### More AdS/QGP

As you can probably tell, I’m really rather enamoured of the application of AdS/CFT technology to study the properties of the quark-gluon plasma at RHIC (I, II, III). A lot of nuclear physicists (who are used to making various crude approximations in attempting to describe nuclear dynamics) are also quite excited.

In the AdS/CFT approach, one replaces finite-temperature QCD (in a strongly-coupled plasma phase) with some other (usually supersymmetric) gauge theory which, unlike QCD, is controlled by a nontrivial UV fixed point. So the microscopic degrees of freedom in the plasma are rather different from those of QCD. Moreover, calculations are done at large-$N_c$ and large $\lambda=g^2 N_c$ limit, whereas we are really interested in $N_c=3$, $\lambda\sim 20$. Still, if we are interested in hydrodynamic and finite-temperature transport properties, the precise microscopic degrees of freedom may not matter too much. And one can astutely study ratios of quantities in which one might expect the *number* of microscopic degrees of freedom to drop out. Moreover, one can *test* the robustness of the result by computing in different theories ($\mathcal{N}=4,\, \mathcal{N}=2^*,\dots$).

Still, one might be sceptical of the whole approach, were there some other approach to calculating transport coefficients in a strongly-coupled quark-gluon plasma. Unfortunately, for these purposes, AdS/CFT is the only game in town.

With that preamble, I thought I’d point to some of the latest interesting results in the subject. One important effect observed at RHIC is the suppression of J/Ψ production. The intuitive picture is that, when $c\overline{c}$ pair is produced in the collision, instead of forming a $c\overline{c}$ bound state, the potential between them is screened and, instead, they tend to form charmed mesons. The static heavy-quark potential is well-understood from lattice studies. And so are the corrections due to finite-temperature effects.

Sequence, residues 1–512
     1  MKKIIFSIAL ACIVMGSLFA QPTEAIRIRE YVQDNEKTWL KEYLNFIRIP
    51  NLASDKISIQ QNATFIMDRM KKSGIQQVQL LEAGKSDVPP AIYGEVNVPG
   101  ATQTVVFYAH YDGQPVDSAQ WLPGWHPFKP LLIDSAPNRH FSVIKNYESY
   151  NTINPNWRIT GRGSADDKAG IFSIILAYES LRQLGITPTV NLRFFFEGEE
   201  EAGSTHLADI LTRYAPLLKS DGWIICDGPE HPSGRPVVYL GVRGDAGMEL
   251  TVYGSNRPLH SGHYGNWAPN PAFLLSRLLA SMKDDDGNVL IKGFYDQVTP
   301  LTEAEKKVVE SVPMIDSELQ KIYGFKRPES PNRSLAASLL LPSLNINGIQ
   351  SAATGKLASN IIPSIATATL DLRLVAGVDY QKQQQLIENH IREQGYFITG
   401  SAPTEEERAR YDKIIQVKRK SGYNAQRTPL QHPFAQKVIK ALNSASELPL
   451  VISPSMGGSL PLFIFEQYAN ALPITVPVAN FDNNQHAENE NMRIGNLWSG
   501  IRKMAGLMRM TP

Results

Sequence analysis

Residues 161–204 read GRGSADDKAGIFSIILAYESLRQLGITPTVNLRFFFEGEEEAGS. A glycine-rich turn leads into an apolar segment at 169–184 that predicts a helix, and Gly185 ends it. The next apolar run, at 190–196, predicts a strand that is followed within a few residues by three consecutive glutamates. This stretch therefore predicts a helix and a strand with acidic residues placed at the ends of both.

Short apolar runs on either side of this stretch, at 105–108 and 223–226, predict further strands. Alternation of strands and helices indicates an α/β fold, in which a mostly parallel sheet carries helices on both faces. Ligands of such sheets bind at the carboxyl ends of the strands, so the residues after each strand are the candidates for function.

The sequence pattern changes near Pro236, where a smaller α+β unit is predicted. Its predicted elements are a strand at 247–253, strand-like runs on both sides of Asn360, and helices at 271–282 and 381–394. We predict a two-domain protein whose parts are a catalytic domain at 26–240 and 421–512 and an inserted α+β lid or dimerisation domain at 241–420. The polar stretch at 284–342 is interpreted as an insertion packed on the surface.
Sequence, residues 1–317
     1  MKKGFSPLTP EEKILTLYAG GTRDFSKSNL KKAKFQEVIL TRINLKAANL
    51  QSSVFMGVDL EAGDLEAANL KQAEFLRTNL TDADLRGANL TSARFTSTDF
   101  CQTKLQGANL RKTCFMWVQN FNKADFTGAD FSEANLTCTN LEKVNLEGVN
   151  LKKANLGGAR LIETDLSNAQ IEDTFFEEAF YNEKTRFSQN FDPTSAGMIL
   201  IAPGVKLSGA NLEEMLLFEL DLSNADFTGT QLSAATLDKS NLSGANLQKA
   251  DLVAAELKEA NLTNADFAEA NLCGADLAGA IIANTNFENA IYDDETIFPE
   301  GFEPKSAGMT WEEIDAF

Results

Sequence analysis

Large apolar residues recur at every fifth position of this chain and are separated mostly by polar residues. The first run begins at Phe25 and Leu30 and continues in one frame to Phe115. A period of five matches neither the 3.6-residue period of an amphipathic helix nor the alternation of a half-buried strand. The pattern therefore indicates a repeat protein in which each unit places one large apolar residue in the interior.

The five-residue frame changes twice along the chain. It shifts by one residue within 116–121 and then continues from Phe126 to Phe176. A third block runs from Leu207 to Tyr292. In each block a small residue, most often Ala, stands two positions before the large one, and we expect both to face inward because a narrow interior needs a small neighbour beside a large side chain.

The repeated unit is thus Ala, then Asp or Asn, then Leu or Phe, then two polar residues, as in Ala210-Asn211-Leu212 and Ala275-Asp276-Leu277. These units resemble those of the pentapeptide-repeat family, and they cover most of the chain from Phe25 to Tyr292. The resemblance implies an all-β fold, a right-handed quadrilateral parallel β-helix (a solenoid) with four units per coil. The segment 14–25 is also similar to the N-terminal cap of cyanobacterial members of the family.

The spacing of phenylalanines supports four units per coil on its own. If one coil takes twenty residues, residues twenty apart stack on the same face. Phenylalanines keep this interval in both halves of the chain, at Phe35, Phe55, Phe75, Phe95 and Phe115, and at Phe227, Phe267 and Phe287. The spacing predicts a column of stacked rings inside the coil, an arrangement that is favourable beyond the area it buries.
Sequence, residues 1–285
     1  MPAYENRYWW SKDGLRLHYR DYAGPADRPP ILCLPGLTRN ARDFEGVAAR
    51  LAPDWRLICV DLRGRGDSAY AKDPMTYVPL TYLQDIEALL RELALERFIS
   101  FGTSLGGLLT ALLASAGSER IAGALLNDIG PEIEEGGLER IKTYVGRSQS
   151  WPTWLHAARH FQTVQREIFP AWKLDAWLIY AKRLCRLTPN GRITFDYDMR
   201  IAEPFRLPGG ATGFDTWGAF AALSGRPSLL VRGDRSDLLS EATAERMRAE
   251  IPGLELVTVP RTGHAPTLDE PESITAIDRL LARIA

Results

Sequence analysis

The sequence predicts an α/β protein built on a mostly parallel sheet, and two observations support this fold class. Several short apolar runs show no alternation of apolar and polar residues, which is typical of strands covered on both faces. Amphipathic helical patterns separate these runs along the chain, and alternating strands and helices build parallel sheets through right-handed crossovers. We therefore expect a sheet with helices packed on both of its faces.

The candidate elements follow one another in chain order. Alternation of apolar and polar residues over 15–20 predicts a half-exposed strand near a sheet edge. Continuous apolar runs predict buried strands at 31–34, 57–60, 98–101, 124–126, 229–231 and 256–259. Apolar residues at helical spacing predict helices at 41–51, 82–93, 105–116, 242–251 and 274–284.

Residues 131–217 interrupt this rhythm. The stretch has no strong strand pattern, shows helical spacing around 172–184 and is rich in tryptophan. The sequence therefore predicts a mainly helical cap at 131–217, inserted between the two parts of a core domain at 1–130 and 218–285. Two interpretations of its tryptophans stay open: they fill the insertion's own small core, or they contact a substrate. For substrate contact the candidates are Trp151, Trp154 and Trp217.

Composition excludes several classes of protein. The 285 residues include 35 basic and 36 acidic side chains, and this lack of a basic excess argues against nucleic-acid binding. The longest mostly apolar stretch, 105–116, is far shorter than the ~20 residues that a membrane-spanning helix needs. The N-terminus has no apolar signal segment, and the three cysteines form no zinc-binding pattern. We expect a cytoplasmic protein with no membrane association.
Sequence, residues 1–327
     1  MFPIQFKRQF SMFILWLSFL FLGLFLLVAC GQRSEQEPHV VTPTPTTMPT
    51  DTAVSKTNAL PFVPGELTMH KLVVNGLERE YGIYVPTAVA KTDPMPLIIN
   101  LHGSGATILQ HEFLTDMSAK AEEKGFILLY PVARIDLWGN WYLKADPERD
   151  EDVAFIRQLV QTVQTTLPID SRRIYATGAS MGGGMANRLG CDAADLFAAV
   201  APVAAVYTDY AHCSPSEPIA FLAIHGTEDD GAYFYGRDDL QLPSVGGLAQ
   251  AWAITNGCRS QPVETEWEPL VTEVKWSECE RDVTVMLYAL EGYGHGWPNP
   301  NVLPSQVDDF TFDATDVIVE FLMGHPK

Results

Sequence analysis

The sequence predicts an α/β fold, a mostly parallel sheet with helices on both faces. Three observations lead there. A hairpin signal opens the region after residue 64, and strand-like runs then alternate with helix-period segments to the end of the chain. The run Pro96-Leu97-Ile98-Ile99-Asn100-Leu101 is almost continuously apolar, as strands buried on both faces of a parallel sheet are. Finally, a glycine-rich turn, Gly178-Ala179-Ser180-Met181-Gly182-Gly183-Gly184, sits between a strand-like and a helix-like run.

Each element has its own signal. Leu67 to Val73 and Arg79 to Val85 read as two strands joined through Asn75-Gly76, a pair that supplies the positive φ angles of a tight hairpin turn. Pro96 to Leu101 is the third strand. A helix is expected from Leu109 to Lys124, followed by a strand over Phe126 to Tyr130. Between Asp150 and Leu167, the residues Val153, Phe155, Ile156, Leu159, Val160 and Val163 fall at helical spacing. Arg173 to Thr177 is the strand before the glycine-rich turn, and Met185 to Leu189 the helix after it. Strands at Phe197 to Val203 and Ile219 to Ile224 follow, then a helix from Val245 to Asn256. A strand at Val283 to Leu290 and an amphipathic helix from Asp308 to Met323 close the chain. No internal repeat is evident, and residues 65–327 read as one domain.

Unfortunately, the lattice calculations don’t tell the whole story, as they apply to static quarks, whereas the $c\overline{c}$ pairs at RHIC are produced with significant velocity, relative to the plasma. Experimentally, this appears to be important. So it’s interesting to study the velocity dependence of the screening length theoretically. Which is where AdS/CFT comes in.

Liu, Rajagopol and Wiedemann studied the problem in the $\mathcal{N}=4$ theory, where they obtained $L_s(v,T) = \frac{f(v,\theta)}{\pi T} (1-v^2)^{1/4}$ where $f(v,\theta)$ is a function that depends very mildly on the velocity of the $q\overline{q}$ dipole relative to the plasma and on its orientation, $\theta$, relative to its velocity.

$L_s(0,T)$ is off by about a factor of 2 from the lattice QCD results ($L_s\sim 0.5/T$ for 2 flavours of light quarks, and $L_s\sim 0.7/T$ without dynamical quarks). But that’s not an unexpected discrepancy, given the arguments above. What’s important (and, one hopes, more robust) is the velocity dependence $L_s(v,T) \sim L_s(0,T) (1-v^2)^\xi$ where, for the $\mathcal{N}=4$ theory, one has $\xi=1/4$.

Càceres, Natsuume and Okamura studied a series of other backgrounds, and argue that $\xi=1/4$ for conformal theories but that, systematically, $\xi\lt 1/4$ for non-conformal theories, like the Klebanov-Tseytlin cascade. Based on their examples, they conjecture a formula $\xi = \tfrac{1}{4}- \tfrac{3}{16}\left(1-3c_s^2\right)$ relating the exponent to the sound speed in the plasma. If such a relation holds, one would obtain $\xi\sim 0.22$ for the quark gluon plasma at RHIC.

Posted by distler at August 1, 2006 11:53 AM